8 ounces dried spaghetti
4 slices thick-sliced bacon
2 tablespoons olive oil
1 cloves garlic, thinly sliced
1 to 2 tablespoons unsalted butter
juice of 1 lemon
small handful coarsely chopped parsley
1/3 cup shredded parmesan cheese, plus more for topping
salt and crushed red pepper flakes, to taste
2 large eggs, poached

Place a rack in the upper third of the oven and preheat oven to 350 degrees F.  Line a baking sheet with foil and place uncooked bacon on a single layer atop the foil.  Place in the oven and allow to cook until  bacon is crisp, 8 to 12 minutes depending on how crisp you like your bacon.  Remove from the oven and placed the bacon on two paper towel atop a dinner plate.  Allow to rest until cool enough to handle.  When cool, chop coarsely.

Bring a large pot of water to a boil.  Add a large pinch of salt to the boiling water and add dry spaghetti.  Cook until al-dente then drain.

While the pasta cooks, heat olive oil in a small saucepan.  Add the sliced garlic and cook over low heat until the oil is fragrant and the garlic is just slightly golden.  Remove from the heat and add butter.  Stir to melt.

In a large bowl, toss together warm drained pasta, garlic oil with butter, lemon juice, parsley, bacon, parmesan cheese, and salt and pepper to taste. Poach eggs, according to your own genius.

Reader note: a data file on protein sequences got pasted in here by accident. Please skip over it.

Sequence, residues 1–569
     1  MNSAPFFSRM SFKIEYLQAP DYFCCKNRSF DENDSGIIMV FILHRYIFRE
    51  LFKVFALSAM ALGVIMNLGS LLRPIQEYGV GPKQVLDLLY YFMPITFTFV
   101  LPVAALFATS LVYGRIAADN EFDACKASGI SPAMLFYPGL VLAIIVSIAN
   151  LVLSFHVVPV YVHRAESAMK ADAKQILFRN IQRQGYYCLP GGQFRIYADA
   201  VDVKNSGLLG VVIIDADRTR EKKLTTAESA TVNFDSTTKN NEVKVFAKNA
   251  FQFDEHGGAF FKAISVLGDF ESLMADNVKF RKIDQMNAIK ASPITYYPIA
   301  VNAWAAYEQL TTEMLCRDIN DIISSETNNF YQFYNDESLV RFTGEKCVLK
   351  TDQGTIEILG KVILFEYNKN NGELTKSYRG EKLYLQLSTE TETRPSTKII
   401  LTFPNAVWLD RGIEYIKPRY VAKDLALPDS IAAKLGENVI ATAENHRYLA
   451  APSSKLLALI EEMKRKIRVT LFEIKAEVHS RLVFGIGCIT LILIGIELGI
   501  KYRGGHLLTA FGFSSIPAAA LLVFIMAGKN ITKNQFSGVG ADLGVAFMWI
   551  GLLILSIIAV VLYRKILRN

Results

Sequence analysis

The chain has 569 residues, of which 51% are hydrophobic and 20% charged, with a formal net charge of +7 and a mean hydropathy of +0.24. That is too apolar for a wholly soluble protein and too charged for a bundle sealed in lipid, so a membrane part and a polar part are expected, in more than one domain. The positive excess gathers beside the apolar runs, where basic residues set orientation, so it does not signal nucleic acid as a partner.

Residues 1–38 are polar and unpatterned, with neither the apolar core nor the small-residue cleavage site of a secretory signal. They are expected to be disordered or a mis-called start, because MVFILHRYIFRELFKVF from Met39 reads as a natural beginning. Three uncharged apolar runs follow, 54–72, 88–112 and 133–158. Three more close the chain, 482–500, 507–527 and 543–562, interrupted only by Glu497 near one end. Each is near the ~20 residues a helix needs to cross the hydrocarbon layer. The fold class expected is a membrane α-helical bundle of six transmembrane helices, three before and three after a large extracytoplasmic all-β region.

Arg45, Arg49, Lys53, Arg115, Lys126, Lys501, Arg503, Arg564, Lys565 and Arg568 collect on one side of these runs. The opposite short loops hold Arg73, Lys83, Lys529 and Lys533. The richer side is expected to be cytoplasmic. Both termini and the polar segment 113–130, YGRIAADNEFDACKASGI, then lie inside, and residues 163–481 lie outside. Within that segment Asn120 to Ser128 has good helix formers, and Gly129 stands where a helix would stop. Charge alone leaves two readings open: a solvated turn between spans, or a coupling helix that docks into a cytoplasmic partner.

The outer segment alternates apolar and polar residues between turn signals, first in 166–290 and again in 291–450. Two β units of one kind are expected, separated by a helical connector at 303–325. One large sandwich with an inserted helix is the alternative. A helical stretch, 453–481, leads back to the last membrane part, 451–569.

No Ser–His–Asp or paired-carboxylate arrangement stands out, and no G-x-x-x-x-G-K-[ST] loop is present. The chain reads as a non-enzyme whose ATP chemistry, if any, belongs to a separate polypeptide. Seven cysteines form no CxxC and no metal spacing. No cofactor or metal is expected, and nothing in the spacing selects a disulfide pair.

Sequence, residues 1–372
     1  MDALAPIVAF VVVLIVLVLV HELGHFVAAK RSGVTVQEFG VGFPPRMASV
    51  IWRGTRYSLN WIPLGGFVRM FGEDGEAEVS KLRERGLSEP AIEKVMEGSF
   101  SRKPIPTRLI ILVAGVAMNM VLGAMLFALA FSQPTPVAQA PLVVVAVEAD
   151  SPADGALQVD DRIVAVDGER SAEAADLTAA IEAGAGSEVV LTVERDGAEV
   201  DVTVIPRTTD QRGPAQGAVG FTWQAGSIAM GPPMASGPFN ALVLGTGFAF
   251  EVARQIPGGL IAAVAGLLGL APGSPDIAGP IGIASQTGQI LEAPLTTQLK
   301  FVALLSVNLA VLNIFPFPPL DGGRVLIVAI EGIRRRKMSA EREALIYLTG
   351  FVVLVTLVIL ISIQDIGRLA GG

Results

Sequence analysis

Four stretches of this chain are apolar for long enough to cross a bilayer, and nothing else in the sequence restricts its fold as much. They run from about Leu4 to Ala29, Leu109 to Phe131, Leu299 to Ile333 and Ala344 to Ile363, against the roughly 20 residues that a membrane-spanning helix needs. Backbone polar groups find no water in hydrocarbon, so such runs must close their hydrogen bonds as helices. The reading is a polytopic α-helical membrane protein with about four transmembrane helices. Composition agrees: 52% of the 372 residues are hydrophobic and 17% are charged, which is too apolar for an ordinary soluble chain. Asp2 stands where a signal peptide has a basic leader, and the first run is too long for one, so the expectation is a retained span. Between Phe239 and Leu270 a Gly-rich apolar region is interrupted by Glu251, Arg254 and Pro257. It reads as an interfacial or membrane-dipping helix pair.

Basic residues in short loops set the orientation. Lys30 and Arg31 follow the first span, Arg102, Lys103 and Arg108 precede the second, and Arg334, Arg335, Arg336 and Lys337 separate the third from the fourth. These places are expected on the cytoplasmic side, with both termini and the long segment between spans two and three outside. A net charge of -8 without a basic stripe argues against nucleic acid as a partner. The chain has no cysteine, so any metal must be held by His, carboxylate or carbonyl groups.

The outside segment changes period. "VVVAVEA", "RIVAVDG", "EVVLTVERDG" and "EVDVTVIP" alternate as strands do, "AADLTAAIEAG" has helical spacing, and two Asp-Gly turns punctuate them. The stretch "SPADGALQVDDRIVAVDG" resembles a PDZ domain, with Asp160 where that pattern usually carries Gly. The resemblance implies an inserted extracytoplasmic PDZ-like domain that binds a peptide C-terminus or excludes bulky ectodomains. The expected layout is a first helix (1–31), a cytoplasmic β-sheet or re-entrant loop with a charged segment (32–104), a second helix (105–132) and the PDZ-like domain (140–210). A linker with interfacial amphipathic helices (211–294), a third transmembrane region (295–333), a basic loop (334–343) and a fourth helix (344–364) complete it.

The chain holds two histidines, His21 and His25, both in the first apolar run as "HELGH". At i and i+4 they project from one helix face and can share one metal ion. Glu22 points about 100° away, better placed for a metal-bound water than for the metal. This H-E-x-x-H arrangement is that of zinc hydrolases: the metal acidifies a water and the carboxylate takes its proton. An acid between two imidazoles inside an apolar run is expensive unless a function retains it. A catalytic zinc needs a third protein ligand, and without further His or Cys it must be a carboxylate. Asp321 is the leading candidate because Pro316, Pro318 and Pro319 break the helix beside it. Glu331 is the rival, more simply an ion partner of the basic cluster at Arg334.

Divide between bowls and top with egg.  Sprinkle with a bit more cheese and crushed red pepper flakes.  This breakfast is best served the day it is made.

 

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Can’t get enough of spaghetti for breakfast! Try it with your family and share your thoughts on the comment feed found below!

 

 

Whole Grain Pasta Facts Found here: http://www.sheknows.com/health-and-wellness/articles/816050/pasta-for-breakfast-is-good-for-your-health-1

Breakfast pasta with bacon and poached eggs recipe found here: http://joythebaker.com/2013/09/breakfast-pasta-with-bacon-and-poached-eggs/

H2O Intolerant

Let’s face it, most of us know how much water is essential to everyday health, but we neglect to meet the requirement.